Our goal is to see a FAIR SHARE of women leaders in the civil society sector by 2030, and the FAIR SHARE Monitor is a data-based tool tracking progress towards that goal.
We use it to collect and publish data on the proportion of women in staff and leadership of civil society organisations, which in turn encourages transparency and accountability. We began collecting this data in 2019 and will continue to do so until 2030, in line with Goal 5 of the United Nations Sustainable Development agenda. Read more about why we built the Monitor on our blog.
Based on the data collected, we rank organisations according to how close they are to a FAIR SHARE of women in their leadership (see the bottom of the page for our definition of a FAIR SHARE). The Monitor can therefore be used by both individual organisations and the sector in general to set benchmarks and measure progress.
The annual data collection for the FAIR SHARE Monitor takes place between November and February. Organisations are called upon to participate by sharing their figures online via our new digital platform. Organisations we did not directly invite can also volunteer to participate by contacting us.
When organisations do not share their data with us, we research it for them via their websites and then give them the opportunity to confirm the figures. Once all the data is in, we begin data analysis, aiming to publish the results in early March to coincide with International Women’s Day.
For the FAIR SHARE Monitor 2021, 56 NGOs were invited to participate. About 46% actively supported us in collecting data, either submitting figures on their own or confirming data researched by us. Take a look at this year's FAIR SHARE Monitor here.
Our questionnaire is short and sweet and, thanks to our new digital platform, easy to fill out online. You can see full FAIR SHARE Monitor 2021 questionnaire here.
Originally, the FAIR SHARE Monitor collected data only about the number of women and men in staff and leadership. This year, for the first time, we are also asking about Black, Brown, Indigenous women or women of colour (BIWoC). Read more on that here.
In summary, we are currently collecting the following figures:
We also ask participating organisations whether they have adopted an internal policy on equality and/or diversity.
We recognise that diversity encompasses significantly more dimensions than just gender and race/ethnicity. We see collecting data on BIWoC as a first step towards making the Monitor more intersectional, but by no means an exhaustive one. Through our other work, such as advocating for Feminist Leadership, we aim to contribute to wider cultural change and help create the conditions for a truly equitable and inclusive sector.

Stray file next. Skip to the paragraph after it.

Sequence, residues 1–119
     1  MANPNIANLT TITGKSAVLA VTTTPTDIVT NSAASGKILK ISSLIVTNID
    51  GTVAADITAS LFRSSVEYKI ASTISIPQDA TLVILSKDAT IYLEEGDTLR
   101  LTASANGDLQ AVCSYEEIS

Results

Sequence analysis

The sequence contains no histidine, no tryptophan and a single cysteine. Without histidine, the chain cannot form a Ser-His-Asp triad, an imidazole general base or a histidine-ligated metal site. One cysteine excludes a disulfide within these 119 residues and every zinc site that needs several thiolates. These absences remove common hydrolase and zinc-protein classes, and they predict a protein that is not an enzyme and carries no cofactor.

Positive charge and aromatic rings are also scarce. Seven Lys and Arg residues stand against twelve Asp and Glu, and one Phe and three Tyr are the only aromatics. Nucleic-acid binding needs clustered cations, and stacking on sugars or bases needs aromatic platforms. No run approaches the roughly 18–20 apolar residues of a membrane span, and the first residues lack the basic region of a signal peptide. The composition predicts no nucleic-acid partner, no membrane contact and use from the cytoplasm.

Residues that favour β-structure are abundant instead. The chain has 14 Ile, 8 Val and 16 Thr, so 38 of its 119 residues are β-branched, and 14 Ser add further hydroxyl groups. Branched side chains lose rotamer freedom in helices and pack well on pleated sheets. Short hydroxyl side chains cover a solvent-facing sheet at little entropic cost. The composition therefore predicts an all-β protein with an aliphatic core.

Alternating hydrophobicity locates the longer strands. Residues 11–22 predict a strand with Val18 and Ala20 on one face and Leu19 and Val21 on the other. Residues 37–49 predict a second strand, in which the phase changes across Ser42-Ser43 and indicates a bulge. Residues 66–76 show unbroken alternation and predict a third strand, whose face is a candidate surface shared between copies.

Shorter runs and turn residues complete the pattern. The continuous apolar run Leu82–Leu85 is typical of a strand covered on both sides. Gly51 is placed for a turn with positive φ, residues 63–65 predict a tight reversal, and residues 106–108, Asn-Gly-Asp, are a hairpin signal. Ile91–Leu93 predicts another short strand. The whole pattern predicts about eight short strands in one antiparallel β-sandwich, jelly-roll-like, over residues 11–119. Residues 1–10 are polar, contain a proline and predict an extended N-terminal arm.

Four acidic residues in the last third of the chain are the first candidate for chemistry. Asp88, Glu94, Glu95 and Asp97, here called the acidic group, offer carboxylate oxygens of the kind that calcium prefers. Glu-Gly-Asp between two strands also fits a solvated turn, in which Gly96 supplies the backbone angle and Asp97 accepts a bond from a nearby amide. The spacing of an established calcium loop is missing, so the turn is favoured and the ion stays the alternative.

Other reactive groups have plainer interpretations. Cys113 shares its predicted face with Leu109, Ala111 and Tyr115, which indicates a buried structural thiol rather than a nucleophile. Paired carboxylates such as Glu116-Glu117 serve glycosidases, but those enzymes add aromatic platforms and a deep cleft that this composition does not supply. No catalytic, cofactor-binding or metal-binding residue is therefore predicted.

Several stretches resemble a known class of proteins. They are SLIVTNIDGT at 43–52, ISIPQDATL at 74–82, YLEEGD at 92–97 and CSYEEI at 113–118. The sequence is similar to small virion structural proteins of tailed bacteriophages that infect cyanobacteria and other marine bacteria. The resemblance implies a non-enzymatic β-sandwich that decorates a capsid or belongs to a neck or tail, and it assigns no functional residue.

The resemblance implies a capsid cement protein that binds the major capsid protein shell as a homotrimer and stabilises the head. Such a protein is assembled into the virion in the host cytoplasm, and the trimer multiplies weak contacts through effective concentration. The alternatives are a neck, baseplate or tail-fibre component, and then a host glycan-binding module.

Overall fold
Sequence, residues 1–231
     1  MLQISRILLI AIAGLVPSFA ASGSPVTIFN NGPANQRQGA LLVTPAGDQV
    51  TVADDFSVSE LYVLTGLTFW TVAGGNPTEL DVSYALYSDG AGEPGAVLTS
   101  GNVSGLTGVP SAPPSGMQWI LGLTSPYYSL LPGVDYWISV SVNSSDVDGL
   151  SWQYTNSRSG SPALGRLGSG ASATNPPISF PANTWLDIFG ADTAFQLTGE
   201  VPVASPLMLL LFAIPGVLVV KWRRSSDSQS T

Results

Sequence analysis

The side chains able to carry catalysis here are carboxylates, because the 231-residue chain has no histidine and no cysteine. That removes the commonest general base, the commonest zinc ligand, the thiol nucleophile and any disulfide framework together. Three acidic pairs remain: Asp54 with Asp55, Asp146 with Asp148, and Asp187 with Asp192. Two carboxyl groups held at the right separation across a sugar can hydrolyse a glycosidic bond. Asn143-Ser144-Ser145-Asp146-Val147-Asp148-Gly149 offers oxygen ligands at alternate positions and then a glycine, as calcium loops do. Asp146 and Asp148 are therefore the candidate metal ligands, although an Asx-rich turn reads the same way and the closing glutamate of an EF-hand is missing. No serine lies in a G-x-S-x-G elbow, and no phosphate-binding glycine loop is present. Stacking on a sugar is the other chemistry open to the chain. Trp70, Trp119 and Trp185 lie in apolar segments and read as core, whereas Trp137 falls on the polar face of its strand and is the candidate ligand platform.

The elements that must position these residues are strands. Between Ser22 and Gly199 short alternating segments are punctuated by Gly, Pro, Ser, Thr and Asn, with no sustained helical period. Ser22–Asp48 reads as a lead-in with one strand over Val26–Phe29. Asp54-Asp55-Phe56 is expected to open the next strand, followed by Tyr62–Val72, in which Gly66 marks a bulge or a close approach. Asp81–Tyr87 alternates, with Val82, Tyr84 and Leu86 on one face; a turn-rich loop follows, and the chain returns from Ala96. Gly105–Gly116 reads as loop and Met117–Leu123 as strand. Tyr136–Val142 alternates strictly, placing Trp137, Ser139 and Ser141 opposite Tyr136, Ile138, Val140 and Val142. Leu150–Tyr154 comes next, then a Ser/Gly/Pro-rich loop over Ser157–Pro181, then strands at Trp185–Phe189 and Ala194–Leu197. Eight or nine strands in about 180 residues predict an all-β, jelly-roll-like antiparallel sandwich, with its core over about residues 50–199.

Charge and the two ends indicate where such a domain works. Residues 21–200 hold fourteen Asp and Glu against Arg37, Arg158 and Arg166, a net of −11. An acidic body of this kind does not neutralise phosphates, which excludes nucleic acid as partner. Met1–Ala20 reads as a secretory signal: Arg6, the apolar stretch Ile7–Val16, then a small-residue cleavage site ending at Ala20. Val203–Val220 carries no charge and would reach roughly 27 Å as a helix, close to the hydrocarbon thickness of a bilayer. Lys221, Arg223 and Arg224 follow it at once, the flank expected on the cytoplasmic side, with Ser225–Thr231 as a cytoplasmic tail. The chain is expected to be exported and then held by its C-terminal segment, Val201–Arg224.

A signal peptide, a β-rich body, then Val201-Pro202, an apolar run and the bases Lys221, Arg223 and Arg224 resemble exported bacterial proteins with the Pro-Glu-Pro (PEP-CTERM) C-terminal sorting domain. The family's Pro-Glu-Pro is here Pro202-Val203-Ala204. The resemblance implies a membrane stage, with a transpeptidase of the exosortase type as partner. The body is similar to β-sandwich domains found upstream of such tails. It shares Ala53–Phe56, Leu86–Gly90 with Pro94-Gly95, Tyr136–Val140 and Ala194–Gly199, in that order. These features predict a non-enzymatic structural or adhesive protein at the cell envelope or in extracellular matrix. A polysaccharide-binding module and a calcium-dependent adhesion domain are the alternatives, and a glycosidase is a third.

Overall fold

Over 50 civil society organisations have been part of the FAIR SHARE Monitor so far. This selection is expanded annually by FAIR SHARE and we welcome any additional civil society organisation that would like to be included in the FAIR SHARE Monitor on its own initiative. If you are interested, please contact us at email@example.com.
The current list includes the largest and most established international civil society organisations.
We define a FAIR SHARE as follows:
The FAIR SHARE Index shows how well or poorly women are represented in leadership based on our criteria for a FAIR SHARE (see point 2 above). It takes into account:
The lower the index, the more fairly women are represented in leadership. The perfect Index would be “0” but to acknowledge fluctuations in staff, we defined an index below 15 as a desirable FAIR SHARE.
However, calculating the index this way meant organisations with more women leaders than the share of women staff received a negative score, and the higher the proportion of women leaders, the worse this score would be. For example, an organisation made up of 40% women staff and 60% women leaders would be penalised for this gap, even though it actually indicates a positive shift from the norm and a willingness to go beyond the minimum benchmark of 50/50.
In 2021 we therefore adjusted the formula to ensure that a FAIR SHARE gap in favour of women (more women leaders than their share of staff) would not be penalised in the same way as a FAIR SHARE gap in favour of men (more male leaders than their share of staff). We do this by applying a 50% correction to the score of such organisations.
Our vision is not that eventually all organisations are fully led by women. However, given that for so long the norm has been that men dominate the ranks at all levels, we understand gender dynamics skewed towards women as part of the process towards gender equality.
We answer further questions about our work in our FAQ.